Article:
Syrian state media reports explosion in capital

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JERUSALEM (AP) — In an extraordinary statement, the Israeli military confirmed early Monday that it attacked Iranian military targets in Syria, hours after carrying out a rare daylight air raid near the Damascus International Airport.

The statement was issued hours after Israeli missile defenses intercepted an incoming missile over the Golan Heights in the wake of the airport raid.

“We have started striking Iranian Quds targets in Syrian territory,” the military statement said. “We warn the Syrian Armed Forces against attempting to harm Israeli forces or territory.”

Until now Israel has largely refrained from public admissions of its covert military operations in neighboring Syria, in order to avoid large-scale involvement in the eight-year civil war.

The Syrian military said Israel carried out intensive airstrikes with successive waves of guided missiles shortly after 1 a.m., but added that Syrian air defenses destroyed most of the missiles before they reached their targets.

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On Sunday, Syrian state media said air defenses repelled an Israeli air raid near the international airport south of Damascus. State TV said Syria’s air defenses “prevented” the attack from achieving its goals. It said Israel targeted six missiles on an area near Damascus International Airport, of which five were shot down and one diverted to nearby empty farmland.

Residents of the capital said they heard five explosions early Sunday afternoon, apparently the sound of air defenses firing into the air.

The Israeli military had initially declined to comment on the airstrike, though it said a rocket fired at the Israeli-occupied Golan Heights was intercepted by Israel’s Iron Dome defense system.

Israeli warplanes have used Lebanon’s airspace recently to strike deep inside Syria, including attacking a warehouse near Damascus International Airport earlier this month, according to Syrian state media.

Israeli Prime Minister Benjamin Netanyahu recently confirmed that Israel has struck hundreds of targets in Syria linked to Iran and the Lebanese Hezbollah militant group, including a weapons facility two weeks ago. Iran and Hezbollah are allied with the Syrian government in the civil war.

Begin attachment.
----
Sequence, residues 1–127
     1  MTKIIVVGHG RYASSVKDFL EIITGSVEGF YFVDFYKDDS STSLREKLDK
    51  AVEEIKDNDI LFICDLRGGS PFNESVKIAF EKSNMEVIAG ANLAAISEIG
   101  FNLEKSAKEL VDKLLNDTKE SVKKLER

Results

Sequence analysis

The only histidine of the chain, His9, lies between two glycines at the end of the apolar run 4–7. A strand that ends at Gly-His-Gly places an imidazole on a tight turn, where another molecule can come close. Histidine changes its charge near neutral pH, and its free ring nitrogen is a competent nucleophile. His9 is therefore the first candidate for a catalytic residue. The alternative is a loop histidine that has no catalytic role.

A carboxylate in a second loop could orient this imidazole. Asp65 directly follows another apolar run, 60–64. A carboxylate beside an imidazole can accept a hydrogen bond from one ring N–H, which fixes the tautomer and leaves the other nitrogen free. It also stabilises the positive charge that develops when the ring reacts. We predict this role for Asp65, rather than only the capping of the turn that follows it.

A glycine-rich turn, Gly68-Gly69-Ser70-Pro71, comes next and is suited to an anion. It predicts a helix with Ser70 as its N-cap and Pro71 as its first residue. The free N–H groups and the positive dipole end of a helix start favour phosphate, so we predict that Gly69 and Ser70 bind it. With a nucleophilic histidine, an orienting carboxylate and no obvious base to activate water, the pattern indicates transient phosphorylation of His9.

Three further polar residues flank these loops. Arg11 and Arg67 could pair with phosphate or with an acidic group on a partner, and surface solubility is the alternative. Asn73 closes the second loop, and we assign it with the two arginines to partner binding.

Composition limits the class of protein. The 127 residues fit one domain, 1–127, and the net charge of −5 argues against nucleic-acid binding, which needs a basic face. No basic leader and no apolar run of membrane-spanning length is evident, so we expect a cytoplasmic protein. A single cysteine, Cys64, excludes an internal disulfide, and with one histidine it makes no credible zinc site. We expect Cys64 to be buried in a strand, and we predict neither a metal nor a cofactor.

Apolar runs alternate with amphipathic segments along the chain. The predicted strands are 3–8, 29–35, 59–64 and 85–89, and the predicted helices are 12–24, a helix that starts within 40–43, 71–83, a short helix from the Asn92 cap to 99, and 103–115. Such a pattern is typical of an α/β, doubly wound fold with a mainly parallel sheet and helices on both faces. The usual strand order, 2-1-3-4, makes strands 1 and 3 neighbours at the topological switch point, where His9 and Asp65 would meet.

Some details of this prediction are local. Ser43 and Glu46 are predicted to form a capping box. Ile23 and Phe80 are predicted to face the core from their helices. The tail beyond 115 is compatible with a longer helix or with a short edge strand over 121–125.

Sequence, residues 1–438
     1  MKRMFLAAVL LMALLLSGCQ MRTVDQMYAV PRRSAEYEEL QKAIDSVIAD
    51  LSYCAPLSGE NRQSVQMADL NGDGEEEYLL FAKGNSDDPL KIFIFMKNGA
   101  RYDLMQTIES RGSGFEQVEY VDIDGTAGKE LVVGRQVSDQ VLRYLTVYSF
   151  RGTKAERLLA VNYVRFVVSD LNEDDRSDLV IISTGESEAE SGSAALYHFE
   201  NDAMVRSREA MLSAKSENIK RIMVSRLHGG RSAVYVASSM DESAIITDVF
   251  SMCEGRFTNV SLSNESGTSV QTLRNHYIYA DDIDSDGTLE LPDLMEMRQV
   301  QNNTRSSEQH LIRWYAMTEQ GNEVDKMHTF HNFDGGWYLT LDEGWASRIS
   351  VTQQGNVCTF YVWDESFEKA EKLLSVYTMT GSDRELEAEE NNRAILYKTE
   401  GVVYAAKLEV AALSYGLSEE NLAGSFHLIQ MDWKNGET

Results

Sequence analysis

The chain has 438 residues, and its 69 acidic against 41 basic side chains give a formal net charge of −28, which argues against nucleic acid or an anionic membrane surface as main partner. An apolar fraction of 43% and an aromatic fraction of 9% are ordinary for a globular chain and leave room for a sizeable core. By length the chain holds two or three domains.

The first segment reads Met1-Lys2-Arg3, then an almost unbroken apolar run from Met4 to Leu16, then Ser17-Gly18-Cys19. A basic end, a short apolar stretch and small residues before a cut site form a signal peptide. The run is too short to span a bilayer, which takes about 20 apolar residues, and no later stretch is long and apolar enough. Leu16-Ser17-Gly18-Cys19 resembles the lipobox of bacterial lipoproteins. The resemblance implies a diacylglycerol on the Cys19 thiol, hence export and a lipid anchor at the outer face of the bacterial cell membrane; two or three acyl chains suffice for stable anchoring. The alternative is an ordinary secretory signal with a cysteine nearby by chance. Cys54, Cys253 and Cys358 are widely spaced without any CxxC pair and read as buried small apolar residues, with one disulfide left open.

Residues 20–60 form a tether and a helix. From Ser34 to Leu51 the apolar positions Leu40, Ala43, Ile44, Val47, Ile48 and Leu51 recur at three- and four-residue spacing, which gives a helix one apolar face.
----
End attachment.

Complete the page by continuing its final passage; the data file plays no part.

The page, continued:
Two hours after the reports that Israel’s Iron Dome intercepted a rocket fired toward the Golan Heights, Netanyahu, who currently is on a visit to Chad, said in a statement: “We have a defined policy: to harm Iranian entrenchment in Syria and to harm anyone who tries to harm us.”

Earlier Sunday, a roadside bomb went off south of Damascus without causing casualties, state media reported. The SANA news agency said the blast targeted a military checkpoint on a main highway during rush hour.

The Britain-based Syrian Observatory for Human Rights, which closely monitors Syria’s war, said the bomb targeted the vehicle of a “security personality” that it did not identify. The Observatory’s chief, Rami Abdurrahman, said it was unclear whether the individual was killed or wounded. “It was not a random act,” he added.

Attacks have been rare in Damascus since Syrian government forces captured the last rebel-held neighborhoods and suburbs of the capital last year. Bombings have left hundreds dead over the course of the nearly eight-year civil war.

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In the northern Syrian town of Afrin, a blast aboard a bus killed at least three people.

The attack came on the anniversary of a Turkish military operation that evicted Kurdish fighters from the town and displaced tens of thousands of its residents. The town now is under the control of Turkey-backed Syrian opposition fighters.

The Observatory said three people were killed and nine wounded in the explosion. The Syrian Civil Defense, an opposition-linked group known as the White Helmets, said that the blast killed “martyrs” and that others were wounded and rushed to hospitals.

The Western Journal has not reviewed this Associated Press story prior to publication. Therefore, it may contain editorial bias or may in some other way not meet our normal editorial standards. It is provided to our readers as a service from The Western Journal.

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